“Teacher, where is Mary?”
“Yes, everyday, sadly. I have to work.”
“Teacher, you should get married quickly.”
“So you can be with Mary.”
This conversation caught me by surprise, the way every conversation that unexpectedly segues into marriage does. It seems to happen to me much more often than you think. For some reason, my students are constantly reminding me that 1) I’m not married and 2) I should be married, and soon. I’m not surprised by the sentiment among young kids; in a family-centered culture that also celebrates 12 informal couples holidays throughout the year, it should be anticipated that 13-year-olds are spewing everything out of their mouth that they’ve ever heard, without thinking about what it is they’re actually saying. Middle school is interesting in that aspect: they’ve absorbed nearly everything they’ve been told to do, memorized the reasons why, but haven’t quite hit the point where they reason through it all and decide for themselves. They’re, in a weird way, robots of Korean culture.
So throughout my past year, I’ve begun a number of conversations just to find myself assaulted, once again, with the m-word.
“Teacher, you should get married very soon!”
“So you can have a happy life!”
The interesting thing about many of these conversations is that I constantly have to ask, “Why?” My students always assume that I agree with the sentiment. They’re usually taken aback when I ask for their reasoning and then when I explain why I disagree with getting married so I can get a puppysitter (or puppysit myself), for example, it never quite registers with them.
“But I already live a very happy life, I’m very happy.”
“But if you get married, you could be more happy!”
They can’t possible wrap their heads around the idea that getting married isn’t on my immediate to do list. They’re oblivious to the fact that marriage isn’t always rainbows and butterflies and I love yous and cooing your baby to sleep. They assume that alone means unhappy, and no one could possible want that. That’s just absurd. But beyond this, they see marriage as this set of positives that magically fall upon your life as soon as you say “I do” and pop out a child.
Some of these include: staying home and being supported financially (and blissfully) by your husband (or supporting your wife so she can stay home and cook/clean), unconditional everlasting love, happiness at all times, and general fulfillment as a person. I could stay home with my puppy, not have to work, live in a big house he pays for, have time to fly home and see my family, make my husband plan and buy everything for me, have him drive me everywhere, and be happier than I am. These expectations are simply farce.
There’s not a hint of reality in their ideas, and it concerns me. Why is marriage a solution to a myriad of “problems” that may or may not need “solved”? When I think about how to take care of my dog and what I could do to spend more time with her, marriage isn’t one of the options I contemplate. The jump of logic is frightening to me. I worry that my students will grow up, oblivious to the reality of getting married (compromise, commitment, bad days and good) and be disappointed with their life when the truth slaps them in the face.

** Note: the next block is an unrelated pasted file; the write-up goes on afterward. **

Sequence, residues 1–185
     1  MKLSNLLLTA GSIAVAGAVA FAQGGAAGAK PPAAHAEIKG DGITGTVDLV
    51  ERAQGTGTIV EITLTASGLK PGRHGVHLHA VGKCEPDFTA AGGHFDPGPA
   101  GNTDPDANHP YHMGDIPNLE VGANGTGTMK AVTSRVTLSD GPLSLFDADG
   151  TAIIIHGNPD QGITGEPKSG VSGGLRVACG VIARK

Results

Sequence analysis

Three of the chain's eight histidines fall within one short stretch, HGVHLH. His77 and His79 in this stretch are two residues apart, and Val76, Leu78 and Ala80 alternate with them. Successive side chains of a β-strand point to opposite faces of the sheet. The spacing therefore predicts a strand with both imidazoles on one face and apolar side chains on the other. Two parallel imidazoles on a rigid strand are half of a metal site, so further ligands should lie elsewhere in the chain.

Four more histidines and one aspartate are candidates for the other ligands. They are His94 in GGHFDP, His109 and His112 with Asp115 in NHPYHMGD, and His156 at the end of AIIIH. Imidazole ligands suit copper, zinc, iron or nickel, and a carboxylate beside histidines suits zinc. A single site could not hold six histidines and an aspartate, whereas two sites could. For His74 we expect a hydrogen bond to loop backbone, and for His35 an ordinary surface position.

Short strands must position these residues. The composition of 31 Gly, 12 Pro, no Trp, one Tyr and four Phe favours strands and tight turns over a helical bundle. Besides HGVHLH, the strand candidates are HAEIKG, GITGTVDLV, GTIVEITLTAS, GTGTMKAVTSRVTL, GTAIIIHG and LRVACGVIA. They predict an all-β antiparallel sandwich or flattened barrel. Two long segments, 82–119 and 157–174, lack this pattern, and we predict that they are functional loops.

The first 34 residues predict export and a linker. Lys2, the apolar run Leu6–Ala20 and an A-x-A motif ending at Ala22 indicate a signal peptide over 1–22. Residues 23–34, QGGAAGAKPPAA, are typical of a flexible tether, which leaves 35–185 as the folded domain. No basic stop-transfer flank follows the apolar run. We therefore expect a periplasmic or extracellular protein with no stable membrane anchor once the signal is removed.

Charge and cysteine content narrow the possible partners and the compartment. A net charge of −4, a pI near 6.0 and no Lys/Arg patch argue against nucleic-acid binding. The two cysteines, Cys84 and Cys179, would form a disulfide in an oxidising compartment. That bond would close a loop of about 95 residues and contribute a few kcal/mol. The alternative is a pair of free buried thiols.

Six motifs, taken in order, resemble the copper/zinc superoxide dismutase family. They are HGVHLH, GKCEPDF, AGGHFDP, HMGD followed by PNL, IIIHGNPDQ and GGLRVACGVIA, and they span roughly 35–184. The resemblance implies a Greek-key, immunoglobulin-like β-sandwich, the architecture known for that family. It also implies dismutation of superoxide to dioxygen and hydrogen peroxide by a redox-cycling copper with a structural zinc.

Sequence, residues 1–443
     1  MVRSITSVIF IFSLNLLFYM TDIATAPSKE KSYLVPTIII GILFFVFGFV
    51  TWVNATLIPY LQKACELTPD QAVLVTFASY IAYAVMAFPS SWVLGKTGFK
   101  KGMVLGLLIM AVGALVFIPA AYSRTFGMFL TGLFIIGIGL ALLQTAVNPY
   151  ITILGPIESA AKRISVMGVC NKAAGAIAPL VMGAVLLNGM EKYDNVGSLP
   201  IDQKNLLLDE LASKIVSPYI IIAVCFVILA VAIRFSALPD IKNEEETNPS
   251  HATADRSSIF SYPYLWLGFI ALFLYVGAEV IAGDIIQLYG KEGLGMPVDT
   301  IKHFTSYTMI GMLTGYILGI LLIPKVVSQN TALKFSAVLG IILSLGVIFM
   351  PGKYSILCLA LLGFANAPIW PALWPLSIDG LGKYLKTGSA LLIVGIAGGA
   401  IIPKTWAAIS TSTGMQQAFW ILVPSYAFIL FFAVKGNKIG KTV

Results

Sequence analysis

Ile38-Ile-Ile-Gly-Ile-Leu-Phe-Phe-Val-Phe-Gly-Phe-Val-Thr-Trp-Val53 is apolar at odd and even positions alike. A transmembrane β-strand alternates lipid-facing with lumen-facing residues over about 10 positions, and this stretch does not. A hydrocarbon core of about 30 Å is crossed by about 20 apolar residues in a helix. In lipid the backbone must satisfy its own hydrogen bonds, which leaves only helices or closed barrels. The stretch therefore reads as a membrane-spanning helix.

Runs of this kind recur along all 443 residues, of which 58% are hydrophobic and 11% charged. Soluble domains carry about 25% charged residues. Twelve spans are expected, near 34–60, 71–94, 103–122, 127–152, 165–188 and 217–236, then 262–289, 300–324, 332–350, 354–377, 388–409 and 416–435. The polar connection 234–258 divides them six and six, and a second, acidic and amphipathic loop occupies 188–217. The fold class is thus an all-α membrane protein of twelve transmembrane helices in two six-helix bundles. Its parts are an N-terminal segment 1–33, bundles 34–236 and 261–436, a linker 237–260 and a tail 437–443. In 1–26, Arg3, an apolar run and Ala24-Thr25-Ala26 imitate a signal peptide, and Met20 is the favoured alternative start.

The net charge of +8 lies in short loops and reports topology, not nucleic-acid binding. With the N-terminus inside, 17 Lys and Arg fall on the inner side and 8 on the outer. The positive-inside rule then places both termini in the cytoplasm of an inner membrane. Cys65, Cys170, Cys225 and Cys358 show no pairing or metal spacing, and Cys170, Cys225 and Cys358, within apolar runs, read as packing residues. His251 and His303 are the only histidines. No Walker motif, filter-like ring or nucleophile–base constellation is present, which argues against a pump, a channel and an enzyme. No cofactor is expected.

South Korea isn’t the only country in the world that emphasizes marriage. In the USA, I wouldn’t be surprised if little boys and girls also dream of having an engagement ring and walking down the aisle into the arms of someone they love. However, I don’t think that US culture focuses so much on the same benefits, such as the staying at home, the financial support, the stuff he buys. I think the US concept is based a little more heavily on the wedding itself: looking beautiful, wearing the dress and the rings, announcing to the world that you’re in love forever, never having to look again.
Maybe it’s even worse to focus on the material part of a single day of your life, and it’s certainly just as disillusioned about the realities of being married, but I am still more horrified by the concept in South Korea. The things my kids describe feel more like I should apply and try to get accepted for a credit card.
- If you shop at these stores (husband approved), your purchase will be free
- 2x the happiness for every hour spent
- 0.0% chance of infidelity for your first year
- If you have a baby within three months, earn a 4x happiness bonus
I suppose what I’m trying to say is this: marriage isn’t a solution to anyone’s problems, and certainly not mine. Marriage isn’t going to automatically make my life easier or better or happier. And frankly I’m just exhausted by answering my students’ inquiries on the subject, which are often for trivial reasons or none at all. I sincerely hope that a Korean drama comes out soon that doesn’t end in a proposal, or focuses on a challenging but happy marriage, or otherwise gives my students something other than the cookie-cutter glittery “marriage! yay! happiness!” image. I hope, I hope and I hope that they can get a realistic view on weddings and lifelong promises, and before it’s too late.
“Teacher, you should get married soon.”
“Alright, I’ll work on that.”
Are you a teacher in South Korea? Do your students constantly tell you to get married too? How do you respond?
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